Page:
Taiwan Trip Budget: How Much Should I Change & Bring?

Alevin Chan

Alevin Chan

Last updated 22 February, 2024

Known for its eclectic mix of Chinese, Japanese, and indigenous cultural influences, Taiwan has become a haven for culture enthusiasts, urban adventurers, avid shoppers, and those who thrive in the vibrant nightlife.

And since 2020, Taiwan has witnessed a remarkable resurgence in its tourism sector, emerging as a preferred destination for travellers worldwide, especially those from Singapore. 

In a survey on holiday destinations among travellers from Singapore, Taiwan stood out as a post-pandemic favourite. As a matter of fact, Taiwan accounted for 39% of the top holiday destinations by flight among Singaporean travellers. This surge in interest is not just a testament to Taiwan's allure but also to its accessibility and the variety of experiences it offers.

This is further evidenced by Skyscanner's internal search data, which recorded a staggering 1376% year-on-year increase in searches for Taipei, Taiwan.

This increasing fascination with Taiwan among Singaporeans is a reflection of the island's unique charm, combining traditional heritage with modern amenities, all set within stunning natural beauty. 

Whether it's the lure of historical sites, the excitement of city life, or the tranquillity of its natural settings, Taiwan offers a compelling mix of things to do that continues to draw visitors from Singapore and beyond.

But here's the big question: how much should you be bringing for your next trip to Taiwan?


Table of contents

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Is Taiwan more expensive than Singapore?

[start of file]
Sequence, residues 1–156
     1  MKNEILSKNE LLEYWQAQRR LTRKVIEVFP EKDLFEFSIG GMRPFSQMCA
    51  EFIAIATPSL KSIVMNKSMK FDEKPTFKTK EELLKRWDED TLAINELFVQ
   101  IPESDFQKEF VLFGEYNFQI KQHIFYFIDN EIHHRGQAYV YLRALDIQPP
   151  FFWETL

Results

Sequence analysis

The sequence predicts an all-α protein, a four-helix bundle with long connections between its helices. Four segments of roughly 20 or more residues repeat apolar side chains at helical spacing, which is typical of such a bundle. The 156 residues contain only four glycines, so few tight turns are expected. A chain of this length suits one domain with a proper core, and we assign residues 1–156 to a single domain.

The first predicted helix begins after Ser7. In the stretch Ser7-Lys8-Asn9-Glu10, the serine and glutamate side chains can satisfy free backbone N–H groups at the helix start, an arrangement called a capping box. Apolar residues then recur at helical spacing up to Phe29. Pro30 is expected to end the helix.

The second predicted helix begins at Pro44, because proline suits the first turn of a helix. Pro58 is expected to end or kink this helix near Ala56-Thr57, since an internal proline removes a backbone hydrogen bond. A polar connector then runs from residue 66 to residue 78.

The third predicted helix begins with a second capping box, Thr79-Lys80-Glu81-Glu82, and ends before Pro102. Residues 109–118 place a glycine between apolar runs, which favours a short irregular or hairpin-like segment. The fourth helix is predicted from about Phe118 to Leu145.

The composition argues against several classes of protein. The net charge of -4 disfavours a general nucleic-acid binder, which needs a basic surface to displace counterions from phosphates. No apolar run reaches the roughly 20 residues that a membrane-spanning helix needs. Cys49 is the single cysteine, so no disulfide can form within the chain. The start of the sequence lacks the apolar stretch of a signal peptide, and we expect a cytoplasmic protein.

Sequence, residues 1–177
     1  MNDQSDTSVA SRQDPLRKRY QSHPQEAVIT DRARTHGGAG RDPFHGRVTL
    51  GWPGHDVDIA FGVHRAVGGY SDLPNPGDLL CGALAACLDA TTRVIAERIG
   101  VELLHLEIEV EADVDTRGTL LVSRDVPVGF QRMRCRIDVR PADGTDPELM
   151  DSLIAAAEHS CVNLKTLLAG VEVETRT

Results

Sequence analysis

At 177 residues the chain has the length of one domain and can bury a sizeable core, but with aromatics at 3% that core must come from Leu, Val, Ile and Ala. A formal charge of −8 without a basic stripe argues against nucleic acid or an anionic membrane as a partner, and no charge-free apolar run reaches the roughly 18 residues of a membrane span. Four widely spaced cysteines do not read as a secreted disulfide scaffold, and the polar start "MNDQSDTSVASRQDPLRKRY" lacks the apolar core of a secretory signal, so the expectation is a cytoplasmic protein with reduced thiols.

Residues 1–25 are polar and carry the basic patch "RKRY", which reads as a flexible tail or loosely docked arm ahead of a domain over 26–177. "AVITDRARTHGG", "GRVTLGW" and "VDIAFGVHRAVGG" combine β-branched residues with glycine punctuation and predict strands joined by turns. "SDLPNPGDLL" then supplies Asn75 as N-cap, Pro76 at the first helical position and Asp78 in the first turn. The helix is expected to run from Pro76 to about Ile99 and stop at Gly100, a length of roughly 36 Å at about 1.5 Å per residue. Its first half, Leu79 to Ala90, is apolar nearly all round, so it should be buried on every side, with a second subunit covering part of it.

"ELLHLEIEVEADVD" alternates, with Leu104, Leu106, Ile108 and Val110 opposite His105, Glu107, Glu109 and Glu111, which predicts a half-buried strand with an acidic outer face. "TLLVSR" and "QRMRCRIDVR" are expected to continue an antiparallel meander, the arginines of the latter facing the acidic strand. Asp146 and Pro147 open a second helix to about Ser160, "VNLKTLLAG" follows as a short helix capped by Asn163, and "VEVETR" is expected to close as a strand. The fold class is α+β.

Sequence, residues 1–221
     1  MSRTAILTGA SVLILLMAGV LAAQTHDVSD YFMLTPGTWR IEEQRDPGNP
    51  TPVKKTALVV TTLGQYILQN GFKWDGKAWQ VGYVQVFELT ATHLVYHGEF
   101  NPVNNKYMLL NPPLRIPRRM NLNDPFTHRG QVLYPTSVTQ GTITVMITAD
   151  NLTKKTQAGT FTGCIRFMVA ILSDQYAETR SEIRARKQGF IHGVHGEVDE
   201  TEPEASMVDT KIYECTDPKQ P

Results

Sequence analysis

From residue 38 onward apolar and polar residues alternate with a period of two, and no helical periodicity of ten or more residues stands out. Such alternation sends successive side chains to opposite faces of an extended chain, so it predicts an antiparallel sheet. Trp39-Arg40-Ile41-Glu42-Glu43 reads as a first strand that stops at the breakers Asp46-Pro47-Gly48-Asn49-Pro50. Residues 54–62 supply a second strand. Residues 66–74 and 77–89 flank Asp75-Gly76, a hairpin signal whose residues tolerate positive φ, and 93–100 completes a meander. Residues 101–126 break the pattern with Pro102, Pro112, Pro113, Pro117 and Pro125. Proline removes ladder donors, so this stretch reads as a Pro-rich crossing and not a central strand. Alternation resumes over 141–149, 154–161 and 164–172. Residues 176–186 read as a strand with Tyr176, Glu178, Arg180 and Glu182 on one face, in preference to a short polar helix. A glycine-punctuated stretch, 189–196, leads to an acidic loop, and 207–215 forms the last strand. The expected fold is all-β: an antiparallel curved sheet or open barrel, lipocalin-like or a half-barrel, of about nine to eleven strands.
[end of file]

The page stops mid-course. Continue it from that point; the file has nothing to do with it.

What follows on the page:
For Singaporeans eyeing Taiwan as their next destination, the good news is that Taiwan makes it on the list of affordable travel destinations, especially when compared to the cost of living in Singapore.

Exchange Rates

Not sure how much to change for your Taiwan trip?

At the current exchange rate (S$1 = NT$23.32, according to xe.com), S$50 is equivalent to just over NT$1,165.

Such an exchange rate not only makes the trip financially feasible but also allows for a more comfortable and perhaps even a bit more luxurious experience than initially planned.

Cost of living

Singapore, known for its high standard of living, ranks as one of the most expensive cities globally. In contrast, Taiwan offers a more economical lifestyle. 

In Taiwan, you can find a range of accommodation options, from luxury hotels to budget-friendly hostels and Airbnb listings, often at a fraction of what similar accommodations would cost in Singapore. 

Dining out in Taiwan is also remarkably cheaper. The country is famous for its night markets and street food, which offer delicious and hearty meals at very affordable prices. Even dining at mid-range restaurants won't set you back much.

Beyond that, entertainment and transportation costs in Taiwan are also lower compared to Singapore. Public transport is efficient, widespread, and notably inexpensive, making it an excellent option for travellers. Tourist attractions in Taiwan, including many natural parks and cultural sites, are often free or have a very nominal entry fee.